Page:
She told me her organization is troubled by "any idea that mainstream banks are for white communities, while people who have historically struggled for middle-class security are offered predatory, wealth-stripping products."
Christine Hines, legislative director for the National Assn. of Consumer Advocates, echoed those concerns.
"The continued exploitation of minority communities with risky and costly payday loan products aggravates the existing racial wealth gap at a time when we should be taking urgent steps to tackle it," she said.
Infin, a trade group for payday and auto title lenders, declined to comment on the paper's findings until they could be reviewed.
But Ed D'Alessio, the organization's executive director, said in a statement that "the mission of the regulated consumer financial services industry is to ensure all consumers have access to cost-effective, transparent financial services and credit options."
"Our members seek to engage their customers in ways that authentically represent and reflect their experiences and communities, which are as diverse as our country," he said.
Annual interest rates for payday and auto title loans can top 400%. More than 80% of such loans end up being rolled over into additional loans or followed within days by a new loan, according to the Consumer Financial Protection Bureau.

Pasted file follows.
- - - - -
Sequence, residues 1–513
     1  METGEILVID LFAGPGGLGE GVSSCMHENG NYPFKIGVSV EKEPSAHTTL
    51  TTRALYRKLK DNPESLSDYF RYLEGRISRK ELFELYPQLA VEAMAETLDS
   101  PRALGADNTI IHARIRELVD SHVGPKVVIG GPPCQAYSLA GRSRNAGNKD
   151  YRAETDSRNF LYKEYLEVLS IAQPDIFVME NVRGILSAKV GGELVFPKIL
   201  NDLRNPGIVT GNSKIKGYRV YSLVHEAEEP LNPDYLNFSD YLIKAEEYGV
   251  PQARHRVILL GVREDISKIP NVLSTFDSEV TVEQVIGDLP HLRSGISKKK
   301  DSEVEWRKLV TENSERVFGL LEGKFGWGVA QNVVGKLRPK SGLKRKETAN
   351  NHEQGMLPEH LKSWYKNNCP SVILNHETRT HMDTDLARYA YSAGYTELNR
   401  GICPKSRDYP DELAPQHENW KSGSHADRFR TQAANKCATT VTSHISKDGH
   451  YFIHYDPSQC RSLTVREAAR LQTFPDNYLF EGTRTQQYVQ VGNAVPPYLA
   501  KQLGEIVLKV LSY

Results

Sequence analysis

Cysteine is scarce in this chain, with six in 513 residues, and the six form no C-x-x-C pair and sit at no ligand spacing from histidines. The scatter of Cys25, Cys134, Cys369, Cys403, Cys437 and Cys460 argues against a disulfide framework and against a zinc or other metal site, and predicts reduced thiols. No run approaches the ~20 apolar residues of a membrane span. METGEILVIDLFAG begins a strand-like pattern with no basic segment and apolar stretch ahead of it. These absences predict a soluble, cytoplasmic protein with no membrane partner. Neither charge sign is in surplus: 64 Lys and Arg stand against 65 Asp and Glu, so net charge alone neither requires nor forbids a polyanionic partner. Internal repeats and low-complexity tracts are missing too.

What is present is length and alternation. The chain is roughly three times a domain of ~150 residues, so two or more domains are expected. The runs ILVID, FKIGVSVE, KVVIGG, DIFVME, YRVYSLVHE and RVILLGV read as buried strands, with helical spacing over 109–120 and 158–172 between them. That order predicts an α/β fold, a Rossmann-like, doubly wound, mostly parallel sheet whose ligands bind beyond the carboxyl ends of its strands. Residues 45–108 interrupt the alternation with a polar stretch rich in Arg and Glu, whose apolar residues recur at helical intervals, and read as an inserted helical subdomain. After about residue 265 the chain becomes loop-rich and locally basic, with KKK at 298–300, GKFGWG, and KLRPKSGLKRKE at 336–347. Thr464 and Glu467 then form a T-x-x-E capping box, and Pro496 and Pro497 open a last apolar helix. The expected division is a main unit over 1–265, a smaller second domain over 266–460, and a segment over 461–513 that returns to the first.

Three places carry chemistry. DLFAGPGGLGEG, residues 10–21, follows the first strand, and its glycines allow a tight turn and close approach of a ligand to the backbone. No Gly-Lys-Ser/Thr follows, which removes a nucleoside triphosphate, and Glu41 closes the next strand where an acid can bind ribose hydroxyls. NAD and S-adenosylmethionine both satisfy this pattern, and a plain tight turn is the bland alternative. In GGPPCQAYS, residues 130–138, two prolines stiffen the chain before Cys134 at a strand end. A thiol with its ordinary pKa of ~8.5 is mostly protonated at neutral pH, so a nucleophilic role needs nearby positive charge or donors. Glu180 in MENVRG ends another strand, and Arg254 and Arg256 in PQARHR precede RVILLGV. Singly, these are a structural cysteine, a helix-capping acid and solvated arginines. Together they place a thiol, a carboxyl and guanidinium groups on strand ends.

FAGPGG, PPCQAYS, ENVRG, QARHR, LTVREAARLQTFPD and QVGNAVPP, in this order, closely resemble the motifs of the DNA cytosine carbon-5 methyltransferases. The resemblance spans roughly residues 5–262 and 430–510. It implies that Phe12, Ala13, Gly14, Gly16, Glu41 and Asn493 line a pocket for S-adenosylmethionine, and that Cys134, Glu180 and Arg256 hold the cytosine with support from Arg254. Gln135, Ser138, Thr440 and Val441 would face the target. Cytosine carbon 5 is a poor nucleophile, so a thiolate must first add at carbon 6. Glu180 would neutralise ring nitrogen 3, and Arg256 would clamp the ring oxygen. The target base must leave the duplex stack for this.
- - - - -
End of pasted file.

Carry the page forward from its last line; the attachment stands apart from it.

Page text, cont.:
Half of all payday and auto title loans result in 10 additional loans to cover the original debt, the bureau estimates.
At best, such lenders make credit available to people who might have a tough time securing funds from a bank. At worst, they trap people in unending debt, making economic advancement all but impossible.
In their paper, Hawkins and Penner argue that Black and Latino consumers frequently resort to high-interest lenders not only because it's easier than seeking a bank loan but also because the companies aggressively target these communities.
"Pushing African Americans and Latinos outside mainstream banking services and into high-cost, high-risk products creates a second-class tier of banking," they say.
Hawkins and Penner told me they favor amending the federal Equal Credit Opportunity Act to explicitly prohibit discriminatory advertising. At present, the law addresses discrimination by creditors only in general.
There's precedent for this change. The Fair Housing Act forbids any marketing "that indicates any preference, limitation or discrimination because of race, color, religion, sex, handicap, familial status or national origin."
The researchers are also calling on the Consumer Financial Protection Bureau to seek changes to its Regulation B, which prohibits discrimination in financial advertising through "any oral or written statement."
They're calling for Regulation B to be amended so that it is "explicitly applicable to pictures in advertisements."
These commonsense changes shouldn't be necessary. Businesses shouldn't have to be told not to discriminate against anyone.
But Hawkins and Penner's work indicates, for all the attention paid in recent months to fairness and social justice, we still have a long way to go.
This story originally appeared in Los Angeles Times.